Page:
Seeing as my three-year career as Hump Day writer is quickly coming to a close, I’m using this week’s column to reflect on some of my very own questions from before I got in the game of advising others. I hope they resonate with some of you!
Does the birth control pill kill sex drive?
I once heard a rumor that being on combined oral contraceptives for a decade-plus can have long-lasting effects that seriously suck libido. As I approached my 10-year anniversary on the pill, this scared the shit out of me enough that I got implanted with the hormone-free copper-T IUD. What’s the point of birth control if it makes you not want to have sex, right? But is it actually true?
The data is still (sort of) out on this one. For nearly every study you’ll find that says female-bodied people who take the combined oral contraceptive pill self-report lower sexual arousal and enjoyment, there’s another one who says it has no effect. Some research even reports an opposite effect — that women who use the pill report higher sexual satisfaction, assumed to be due to the sense of security, liberation and spontaneity that consistent birth control can give.
We do know three things for certain. The pill can cause decreased vaginal lubrication, a key ingredient in a full mind-body arousal connection that’s needed for people with vaginas to feel horny. Also, even if it’s true that the pill directly causes sexual arousal disorders, the people on the pill report frequency or sexual activity and orgasm that is similar to non-pill users. So it may not make a difference in the actual amount of sex people end up having.
Lastly, there’s a strong link between decreased androgen deficiency, or hypoandrogenism, and birth control use. Blood test comparisons show lower levels of testosterone in the lab results of people on the pill. This is important, since testosterone is the hormone responsible for sex drive. But you smarties aren’t getting a college degree for nothin’ — correlation doesn’t imply causation! Separate research on men’s arousal shows us that people in long-term relationships tend to have lower levels of testosterone in general, and people tend to start birth control when they start committed coupling. Hmmm.
Point is, there are a lot of birth control options out there besides the pill that are cheaper, more convenient and don’t affect libido.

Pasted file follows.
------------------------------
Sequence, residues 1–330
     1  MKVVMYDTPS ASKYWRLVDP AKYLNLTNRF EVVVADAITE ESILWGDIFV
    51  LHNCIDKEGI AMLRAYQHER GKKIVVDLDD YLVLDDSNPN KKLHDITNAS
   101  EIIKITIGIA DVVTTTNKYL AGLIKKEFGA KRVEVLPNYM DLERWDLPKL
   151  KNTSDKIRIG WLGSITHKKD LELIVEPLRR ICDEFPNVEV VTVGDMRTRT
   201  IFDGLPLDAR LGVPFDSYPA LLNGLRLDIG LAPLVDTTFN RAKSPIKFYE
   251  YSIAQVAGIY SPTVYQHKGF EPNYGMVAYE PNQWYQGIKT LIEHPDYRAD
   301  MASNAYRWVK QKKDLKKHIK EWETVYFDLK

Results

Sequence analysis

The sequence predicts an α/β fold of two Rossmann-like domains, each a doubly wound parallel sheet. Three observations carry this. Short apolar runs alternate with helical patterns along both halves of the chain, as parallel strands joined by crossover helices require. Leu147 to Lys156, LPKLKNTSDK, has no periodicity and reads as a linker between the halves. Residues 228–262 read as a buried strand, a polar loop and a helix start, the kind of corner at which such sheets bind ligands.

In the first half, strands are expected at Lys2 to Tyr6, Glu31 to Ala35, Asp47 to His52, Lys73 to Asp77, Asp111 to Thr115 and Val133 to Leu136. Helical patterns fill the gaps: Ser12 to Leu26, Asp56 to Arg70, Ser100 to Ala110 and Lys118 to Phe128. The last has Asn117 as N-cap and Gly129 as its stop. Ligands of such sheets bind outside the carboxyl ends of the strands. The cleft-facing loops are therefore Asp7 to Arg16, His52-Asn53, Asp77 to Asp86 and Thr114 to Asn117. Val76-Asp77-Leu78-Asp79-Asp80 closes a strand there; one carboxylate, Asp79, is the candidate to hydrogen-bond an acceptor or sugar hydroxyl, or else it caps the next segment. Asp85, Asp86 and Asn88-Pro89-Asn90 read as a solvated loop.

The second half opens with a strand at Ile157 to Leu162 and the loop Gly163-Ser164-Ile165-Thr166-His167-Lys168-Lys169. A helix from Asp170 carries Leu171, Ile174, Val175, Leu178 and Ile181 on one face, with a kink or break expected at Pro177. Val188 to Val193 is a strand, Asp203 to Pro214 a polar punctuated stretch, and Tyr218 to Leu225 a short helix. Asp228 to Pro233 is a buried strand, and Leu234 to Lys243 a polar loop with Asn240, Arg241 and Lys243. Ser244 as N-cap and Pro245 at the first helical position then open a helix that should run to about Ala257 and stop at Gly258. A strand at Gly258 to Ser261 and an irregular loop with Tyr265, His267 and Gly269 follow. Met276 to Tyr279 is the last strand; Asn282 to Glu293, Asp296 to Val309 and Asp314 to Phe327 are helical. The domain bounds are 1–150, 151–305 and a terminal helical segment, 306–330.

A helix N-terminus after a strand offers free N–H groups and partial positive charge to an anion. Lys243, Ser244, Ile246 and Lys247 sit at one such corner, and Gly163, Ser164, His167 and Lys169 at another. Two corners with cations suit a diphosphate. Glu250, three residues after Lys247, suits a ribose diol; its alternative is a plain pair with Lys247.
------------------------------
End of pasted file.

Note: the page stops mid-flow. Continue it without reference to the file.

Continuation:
How is it even possible for women to dominate men in bed?
This one’s not necessarily my own question, but I’ve been asked it enough times — usually from a broseph with a rapey attitude trying to rile me up — that I’ve developed a go-to response.
Sit him down in a chair, bind his arms behind the backrest and tie his ankles to the chair legs. Put on a blindfold so he’s totally restrained. Take turns between kissing random body parts and slinking around him so he doesn’t know what to expect. Take a bullet vibrator and put direct pressure on the frenulum of his cock. If you know he’s all right with it, drag the vibrator along his ball sack and into the crevice of his butt cheeks.
Not a fan of the chair? While he’s on his back, grab his wrists and pin them above his head. Scooch up and hover your goody bit right above his face. Once he’s gotten a good taste for it, start grinding back and forth against his face with you in control of the pace.
And there’s always pegging of course. Strap a dildo on and “bend over boyfriend” so you get to fuck him. Bonus points for playfully having him suck on the dildo before sticking it in.
Does oral sex with condoms/sex dams still feel good?
Yes! When I found out I was going to start a career as a sex educator and be preaching to young people about using condoms, I knew I was going to have to test this one out for myself lest I be labeled a hypocrite. True, putting a latex barrier on skin will change up the sensation. But good head depends way more on your oral skills and lube than the barrier method. Don’t believe me? Grab a sex dam and a buddy — preferably a close one — and try making out with the dam stretched out between you. You’ll still feel everything! Just try not to gag on the reservoir tip of a condom when it hits the dingaling in the back of your throat.
How do I approach sex with trans* partners?
I used to have a lot of hang-ups about this. What if I say something that turns them off, or, worse, trigger? What if I touch the person in a way that pisses them off? Is it OK to squeeze a trans guy’s boobs? Do I call this a dick or a clit? Turns out the most important part of sex with any and all partners is exactly the same: communication. When in doubt, just ask. It’ll make for better sex anyway and will likely make you a more fun, creative partner in bed.